Gareth Southgate received equal parts praise and scrutiny after naming an England squad without Premier League and Champions League winner Trent Alexander-Arnold, but his decision to do so was telling. Like many of his teammates, Alexander-Arnold has been struggling this season as Liverpool continue to fall foul of poor form with a loss to Real Madrid. Southgate was not afraid to tell the right-back that he needed to up his game, and now fans are beginning to see just what the England manager meant.
In Madrid, Alexander-Arnold was not excluded from the failings of the rest of his team. He was sloppy in possession, guilty of giving the ball away too many times, and rarely productive in attack. His sloppiness in possession was especially painful, as it gave the Galacticos a free pass to assault Liverpool’s right-hand side, with Vinicius Junior twice scoring from Alexander-Arnold’s side.
There was hope that his inspiring performance against Arsenal was an upturn in his season. Yet the game against Madrid only further embedded the one label Alexander-Arnold cannot shed: he has become inconsistent and defensively vulnerable.
The past two seasons have been nothing but success stories for the Liverpool-born prodigy. His development was marked by trophies, iconic moments (“corner taken quickly…”), and backed up by numbers. In 2018/19 he scored one and assisted sixteen, and he only upped his numbers in 2020/21 – scoring four and assisting fourteen as Liverpool claimed the Premier League trophy. Even in those seasons, he would have games where he was off the pace or defensively frail. But nobody minded when he was racking up such fantastic statistics and whipping in such brilliant crosses. Now that those numbers have fallen away, the questions are coming thick and fast.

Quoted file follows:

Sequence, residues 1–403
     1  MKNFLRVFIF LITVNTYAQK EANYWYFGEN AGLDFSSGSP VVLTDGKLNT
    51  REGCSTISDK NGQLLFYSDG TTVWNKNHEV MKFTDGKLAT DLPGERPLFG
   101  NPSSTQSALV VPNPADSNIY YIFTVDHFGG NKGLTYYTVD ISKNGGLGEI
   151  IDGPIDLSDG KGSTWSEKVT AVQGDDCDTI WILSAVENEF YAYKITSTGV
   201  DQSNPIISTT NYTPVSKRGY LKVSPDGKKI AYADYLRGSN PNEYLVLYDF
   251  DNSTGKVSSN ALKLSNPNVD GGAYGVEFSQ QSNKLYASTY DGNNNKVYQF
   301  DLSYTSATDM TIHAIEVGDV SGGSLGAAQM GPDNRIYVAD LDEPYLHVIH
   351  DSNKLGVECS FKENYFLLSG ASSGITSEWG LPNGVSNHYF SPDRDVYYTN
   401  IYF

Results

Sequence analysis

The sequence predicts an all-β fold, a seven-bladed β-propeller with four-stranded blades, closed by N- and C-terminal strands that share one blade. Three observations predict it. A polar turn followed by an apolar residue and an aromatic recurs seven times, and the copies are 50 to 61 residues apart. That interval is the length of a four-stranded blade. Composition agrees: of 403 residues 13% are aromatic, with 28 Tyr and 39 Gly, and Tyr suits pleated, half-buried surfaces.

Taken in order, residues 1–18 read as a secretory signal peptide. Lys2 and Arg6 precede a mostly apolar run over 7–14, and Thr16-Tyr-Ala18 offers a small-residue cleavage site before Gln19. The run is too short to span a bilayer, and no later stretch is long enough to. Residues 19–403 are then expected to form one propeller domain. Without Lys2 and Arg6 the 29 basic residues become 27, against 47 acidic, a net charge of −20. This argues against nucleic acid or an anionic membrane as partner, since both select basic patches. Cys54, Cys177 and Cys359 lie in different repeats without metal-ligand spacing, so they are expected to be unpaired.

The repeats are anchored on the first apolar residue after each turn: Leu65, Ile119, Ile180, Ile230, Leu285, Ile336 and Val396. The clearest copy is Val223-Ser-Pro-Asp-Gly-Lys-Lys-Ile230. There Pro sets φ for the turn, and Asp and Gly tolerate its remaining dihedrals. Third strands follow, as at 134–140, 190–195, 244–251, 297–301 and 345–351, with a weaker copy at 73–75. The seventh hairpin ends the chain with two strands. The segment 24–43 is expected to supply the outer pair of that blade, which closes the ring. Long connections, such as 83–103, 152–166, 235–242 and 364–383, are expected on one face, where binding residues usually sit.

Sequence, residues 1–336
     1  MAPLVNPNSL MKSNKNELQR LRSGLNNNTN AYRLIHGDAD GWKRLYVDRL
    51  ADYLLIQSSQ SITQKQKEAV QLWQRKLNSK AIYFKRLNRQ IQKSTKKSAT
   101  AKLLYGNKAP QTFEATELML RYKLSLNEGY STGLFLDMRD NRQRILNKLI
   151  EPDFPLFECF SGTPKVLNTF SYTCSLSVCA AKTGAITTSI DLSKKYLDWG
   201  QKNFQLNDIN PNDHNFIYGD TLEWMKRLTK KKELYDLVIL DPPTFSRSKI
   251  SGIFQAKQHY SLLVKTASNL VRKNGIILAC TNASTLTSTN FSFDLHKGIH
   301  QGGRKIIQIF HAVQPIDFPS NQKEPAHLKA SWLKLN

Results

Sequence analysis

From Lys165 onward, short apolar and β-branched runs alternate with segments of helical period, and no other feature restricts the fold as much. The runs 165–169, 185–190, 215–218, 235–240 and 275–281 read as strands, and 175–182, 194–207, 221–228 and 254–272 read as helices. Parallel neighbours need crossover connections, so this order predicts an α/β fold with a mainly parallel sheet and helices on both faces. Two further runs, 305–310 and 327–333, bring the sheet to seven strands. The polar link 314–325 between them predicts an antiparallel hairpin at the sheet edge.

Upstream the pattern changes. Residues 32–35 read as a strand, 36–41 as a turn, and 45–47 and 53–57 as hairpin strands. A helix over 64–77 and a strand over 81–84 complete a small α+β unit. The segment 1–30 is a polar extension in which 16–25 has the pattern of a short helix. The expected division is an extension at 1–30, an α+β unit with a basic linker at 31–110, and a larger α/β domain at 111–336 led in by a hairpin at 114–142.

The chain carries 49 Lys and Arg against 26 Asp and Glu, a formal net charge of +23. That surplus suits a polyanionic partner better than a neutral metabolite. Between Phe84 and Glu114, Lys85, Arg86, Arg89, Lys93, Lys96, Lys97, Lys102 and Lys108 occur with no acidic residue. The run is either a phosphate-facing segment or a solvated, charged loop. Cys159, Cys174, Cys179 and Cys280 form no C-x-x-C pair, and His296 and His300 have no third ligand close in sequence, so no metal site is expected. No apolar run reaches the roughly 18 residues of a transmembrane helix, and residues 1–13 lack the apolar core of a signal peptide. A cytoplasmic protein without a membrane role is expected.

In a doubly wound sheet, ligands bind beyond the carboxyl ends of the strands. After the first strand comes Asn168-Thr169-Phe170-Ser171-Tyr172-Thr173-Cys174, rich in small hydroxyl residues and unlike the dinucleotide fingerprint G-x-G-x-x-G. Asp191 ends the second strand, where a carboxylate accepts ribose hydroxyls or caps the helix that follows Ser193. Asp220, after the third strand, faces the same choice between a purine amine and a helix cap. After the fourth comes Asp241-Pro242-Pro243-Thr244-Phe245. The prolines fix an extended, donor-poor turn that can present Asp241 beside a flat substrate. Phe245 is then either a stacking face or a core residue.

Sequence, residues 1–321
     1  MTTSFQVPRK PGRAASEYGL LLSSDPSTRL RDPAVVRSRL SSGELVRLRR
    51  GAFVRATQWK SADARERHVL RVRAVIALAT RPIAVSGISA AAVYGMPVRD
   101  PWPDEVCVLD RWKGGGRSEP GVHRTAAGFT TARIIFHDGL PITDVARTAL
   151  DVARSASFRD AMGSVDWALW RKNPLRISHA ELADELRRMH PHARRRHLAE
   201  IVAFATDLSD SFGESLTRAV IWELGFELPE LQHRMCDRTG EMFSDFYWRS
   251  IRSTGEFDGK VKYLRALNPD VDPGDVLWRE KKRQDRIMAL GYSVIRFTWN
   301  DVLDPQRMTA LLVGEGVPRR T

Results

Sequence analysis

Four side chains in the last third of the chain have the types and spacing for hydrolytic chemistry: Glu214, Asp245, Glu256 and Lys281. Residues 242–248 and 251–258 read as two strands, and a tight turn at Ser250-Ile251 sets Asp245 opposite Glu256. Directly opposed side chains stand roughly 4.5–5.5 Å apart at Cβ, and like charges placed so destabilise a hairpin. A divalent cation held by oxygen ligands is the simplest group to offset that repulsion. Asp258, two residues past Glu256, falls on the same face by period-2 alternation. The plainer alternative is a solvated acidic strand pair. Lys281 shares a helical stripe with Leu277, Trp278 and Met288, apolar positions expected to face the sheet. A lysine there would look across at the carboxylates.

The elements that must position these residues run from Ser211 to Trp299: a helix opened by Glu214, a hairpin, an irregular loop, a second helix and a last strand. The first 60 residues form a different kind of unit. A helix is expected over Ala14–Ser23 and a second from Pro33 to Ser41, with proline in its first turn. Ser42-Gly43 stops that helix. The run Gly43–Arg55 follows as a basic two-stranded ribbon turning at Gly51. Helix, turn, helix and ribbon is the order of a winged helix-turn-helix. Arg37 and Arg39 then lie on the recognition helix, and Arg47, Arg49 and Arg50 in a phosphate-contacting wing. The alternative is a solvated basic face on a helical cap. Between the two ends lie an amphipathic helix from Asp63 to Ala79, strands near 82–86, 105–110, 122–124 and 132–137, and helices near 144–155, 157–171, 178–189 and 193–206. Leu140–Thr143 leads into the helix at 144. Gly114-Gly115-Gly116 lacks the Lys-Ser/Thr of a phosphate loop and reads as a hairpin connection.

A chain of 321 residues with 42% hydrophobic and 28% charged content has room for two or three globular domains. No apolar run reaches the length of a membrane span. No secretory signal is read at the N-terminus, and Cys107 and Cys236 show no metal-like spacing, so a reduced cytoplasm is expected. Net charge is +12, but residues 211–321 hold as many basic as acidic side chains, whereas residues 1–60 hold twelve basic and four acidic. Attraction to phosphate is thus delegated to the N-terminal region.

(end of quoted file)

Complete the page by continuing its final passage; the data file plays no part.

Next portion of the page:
While his inconsistencies are routinely brought up, what’s more important to his England exclusion are his defensive shortcomings. To some extent, this is not directly his fault: Jurgen Klopp has Trent play very high up on the wings in possession, almost as a secondary winger behind Salah. This is Liverpool’s system, and it enables the right-back’s best attributes, such as his crosses and long passes. While in playing this system, he cannot be blamed for leaving the space behind him exposed.
But this lack of emphasis on defending means that he is often caught out when he has to perform defensive tasks. Alexander-Arnold is prone to being beaten one-on-one and his tracking of attackers leaves a lot to be desired. His attacking capabilities have allowed him to paper over these cracks – until this season brutally exposed them.
These are all issues that Southgate had spotted long ago and why he was hesitant to include the Liverpool man in his squad. Players like Reece James and Kyle Walker are able to contribute both defensively and offensively, more well-rounded for the role, and so Southgate chose them instead. But leaving him out has also sent a clear message: improve, or be left at home. Alexander-Arnold has his work cut out if he wants to go to the EUROs – failure to do so could see stunt his development into a superstar.